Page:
QUESTION 3:            With regard to the implementation of the right of peoples to peace at the national level:

- What mechanisms are necessary for the State to better enhance this right? Could you provide                            observations/proposals and/or examples of good practices?

Free speech without distinction of any kind is, as puts it in the Universal Declaration of Human Rights, the basis of progress and development.  The state should promote and protect among others free speech on the very issue of the right of peoples to peace. That leads to conclude that the state is legally obliged to organize forums in which every individual or group of persons can freely participate, to make talks or discussion of any kind without discrimination. 

As our members in Japan put it, we have already good practice in some national courts decisions. For example, we can quote three cases in Japan.

1. Sapporo district court ruled in so-called Naganuma case, 1973, that the right to live in peace enshrined by Constitution of Japan in its Preamble was not a mere declaration of political will, but also a legally recognized right or legally binding.

2.  Nagoya court of appeal ruled also in a case against over sea dispatch of Japanese Self-Defence Forces to Iraq, 2008, that the right to live in peace in the Constitution of Japan had legal substance to be protected as a right.  The Court went further to say that people were entitled to seek redress through the courts (1) when the Government violated individual freedom against Article 9, as well as  (2) that people were forced to support a war efforts which infringed Article 9.

3.  Okayama district court also held in a case against the Government on over sea dispatch of Self-Defence Forces to Iraq, 2009, that the right to live in peace as stipulated in the Preamble of the Constitution of Japan had a legal binding force to give sufficient legal basis to a court’s ruling.

- What should be the role of civil society?

As for a theoretical point of view, it is important to avoid any misunderstandings or confusions.  It is therefore recommendable to start our study from international dimension of the right of peoples to peace, not abruptly from a domestic or national dimension of the right. Peace is of course a matter of domestic and international  concerns as well, but it is also sensitive matter at the same time even today when we are getting more interdependent than a half century ago. As the Charter of the United Nations puts it in its Article 2.7, the principle of self-determination of peoples is still legally binding, and a state is still a pertinent instrument of people’s sovereignty under obligation of mutual respect, which can go to non-interference into domestic or internal matters of a state. Indeed there are many examples we should condone that the right to live in peace in a domestic territory was severely infringed. But it is also true that a state acted like an instrument to protect economic or strategic interests of foreign countries rather than that to protect the sovereignty of the people. It is far from seldom that a civil war or uprising within a national border is brought about or stirred by such interests.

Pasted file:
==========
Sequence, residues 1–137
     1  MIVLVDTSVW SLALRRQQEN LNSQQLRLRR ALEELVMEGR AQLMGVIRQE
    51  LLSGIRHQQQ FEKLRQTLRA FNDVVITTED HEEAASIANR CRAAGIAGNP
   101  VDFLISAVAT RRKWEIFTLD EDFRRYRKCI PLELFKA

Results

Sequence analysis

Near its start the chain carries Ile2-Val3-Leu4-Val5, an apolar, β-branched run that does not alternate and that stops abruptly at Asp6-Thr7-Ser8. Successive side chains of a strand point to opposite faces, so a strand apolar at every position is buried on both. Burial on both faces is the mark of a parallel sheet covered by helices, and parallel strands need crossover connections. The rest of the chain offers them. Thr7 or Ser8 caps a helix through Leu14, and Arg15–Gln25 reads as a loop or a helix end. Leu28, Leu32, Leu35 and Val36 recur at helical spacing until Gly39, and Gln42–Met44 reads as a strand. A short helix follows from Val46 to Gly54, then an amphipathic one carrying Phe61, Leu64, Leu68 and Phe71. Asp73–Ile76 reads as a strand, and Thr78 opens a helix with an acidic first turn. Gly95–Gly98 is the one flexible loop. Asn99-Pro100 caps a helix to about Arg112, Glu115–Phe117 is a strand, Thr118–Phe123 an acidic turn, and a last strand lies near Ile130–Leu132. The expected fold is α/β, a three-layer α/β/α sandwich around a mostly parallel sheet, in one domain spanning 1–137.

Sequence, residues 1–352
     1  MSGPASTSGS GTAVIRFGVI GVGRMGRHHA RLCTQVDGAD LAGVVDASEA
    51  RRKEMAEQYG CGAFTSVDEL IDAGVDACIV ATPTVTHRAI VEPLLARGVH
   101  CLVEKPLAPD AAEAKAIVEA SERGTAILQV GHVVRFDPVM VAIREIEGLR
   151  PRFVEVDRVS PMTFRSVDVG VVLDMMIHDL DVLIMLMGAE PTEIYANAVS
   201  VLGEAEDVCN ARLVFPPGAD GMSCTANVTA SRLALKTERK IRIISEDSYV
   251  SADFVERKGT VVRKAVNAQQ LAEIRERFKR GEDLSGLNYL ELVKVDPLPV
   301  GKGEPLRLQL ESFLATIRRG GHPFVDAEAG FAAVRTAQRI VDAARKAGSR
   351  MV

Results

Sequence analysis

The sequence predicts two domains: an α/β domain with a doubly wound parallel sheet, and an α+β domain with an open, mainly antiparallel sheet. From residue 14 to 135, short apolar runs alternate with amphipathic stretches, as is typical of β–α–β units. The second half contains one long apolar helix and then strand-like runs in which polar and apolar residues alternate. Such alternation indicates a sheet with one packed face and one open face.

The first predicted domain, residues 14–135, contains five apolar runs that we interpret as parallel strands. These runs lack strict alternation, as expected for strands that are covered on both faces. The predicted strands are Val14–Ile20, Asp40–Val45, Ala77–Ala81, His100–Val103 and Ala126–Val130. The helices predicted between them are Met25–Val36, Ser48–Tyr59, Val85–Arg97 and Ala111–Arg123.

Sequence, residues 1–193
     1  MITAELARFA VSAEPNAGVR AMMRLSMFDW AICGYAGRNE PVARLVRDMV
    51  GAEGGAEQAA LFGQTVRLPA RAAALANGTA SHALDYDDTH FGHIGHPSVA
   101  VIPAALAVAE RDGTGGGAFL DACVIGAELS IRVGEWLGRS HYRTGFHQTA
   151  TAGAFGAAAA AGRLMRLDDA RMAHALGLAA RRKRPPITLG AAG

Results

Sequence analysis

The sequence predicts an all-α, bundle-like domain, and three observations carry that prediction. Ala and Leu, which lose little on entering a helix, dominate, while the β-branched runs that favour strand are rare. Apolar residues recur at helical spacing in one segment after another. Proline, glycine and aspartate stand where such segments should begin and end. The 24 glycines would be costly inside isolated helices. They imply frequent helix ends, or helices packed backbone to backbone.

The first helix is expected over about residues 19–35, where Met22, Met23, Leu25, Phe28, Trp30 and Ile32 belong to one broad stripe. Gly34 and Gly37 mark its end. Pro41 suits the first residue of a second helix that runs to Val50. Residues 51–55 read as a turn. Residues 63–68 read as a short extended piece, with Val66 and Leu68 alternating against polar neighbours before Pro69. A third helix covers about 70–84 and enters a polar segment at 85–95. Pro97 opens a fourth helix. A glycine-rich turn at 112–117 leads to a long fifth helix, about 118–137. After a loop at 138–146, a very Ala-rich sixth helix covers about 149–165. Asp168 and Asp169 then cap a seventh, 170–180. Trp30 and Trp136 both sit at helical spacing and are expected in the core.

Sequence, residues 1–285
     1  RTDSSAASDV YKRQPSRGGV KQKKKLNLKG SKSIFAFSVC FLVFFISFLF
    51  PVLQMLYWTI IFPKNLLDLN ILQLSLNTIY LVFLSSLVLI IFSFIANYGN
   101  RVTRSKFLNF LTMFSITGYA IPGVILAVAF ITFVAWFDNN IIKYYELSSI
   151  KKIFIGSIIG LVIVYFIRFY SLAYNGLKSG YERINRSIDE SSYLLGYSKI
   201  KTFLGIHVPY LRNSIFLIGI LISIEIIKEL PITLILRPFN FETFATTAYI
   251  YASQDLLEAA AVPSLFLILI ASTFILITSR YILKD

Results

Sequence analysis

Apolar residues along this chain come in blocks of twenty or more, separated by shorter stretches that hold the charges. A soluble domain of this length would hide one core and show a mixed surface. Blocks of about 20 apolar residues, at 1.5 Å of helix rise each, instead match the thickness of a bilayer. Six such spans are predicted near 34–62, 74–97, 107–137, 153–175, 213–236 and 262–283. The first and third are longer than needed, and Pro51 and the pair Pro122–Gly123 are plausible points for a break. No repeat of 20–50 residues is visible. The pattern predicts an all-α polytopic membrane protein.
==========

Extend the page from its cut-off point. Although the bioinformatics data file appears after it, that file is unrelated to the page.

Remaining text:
As for civil society movements, we can quote some experiences from our members associations. 

In Japan more than 7,000 circles, large or small, have been set up for a single cause of protection of Article 9 against eventual constitutional reforms.  Annual meetings both in Hiroshima and Nagasaki, and even in Okinawa, have been held in memory of war victims, especially unknown sufferers from atomic bombs or massive ground fights. These commemorative events are all good examples to keep good memory of war scourges and to give lessons to peace education. The right of peoples to peace has been particularly hoisted by popular movements against US military forces stationing in Japan, especially in Okinawa, which has in its soil over 75% of US military bases within Japan.

In 2008, a Global Conference of Article 9 to Abolish War was held in Japan to gain more than thirty thousand participants to confirm international solidarity for peace, international or national, and human rights, against war, poverty, humiliation or foreign military bases.

Every two years civil society organized a World Social Forum in developing countries, Brazil, India, Kenya, Senegal, etc. Innumerable encounters between person-to-person or group-to-group may help mutual understandings and enhance mutual awareness on human conditions including peace, culture, welfare, economy, so on.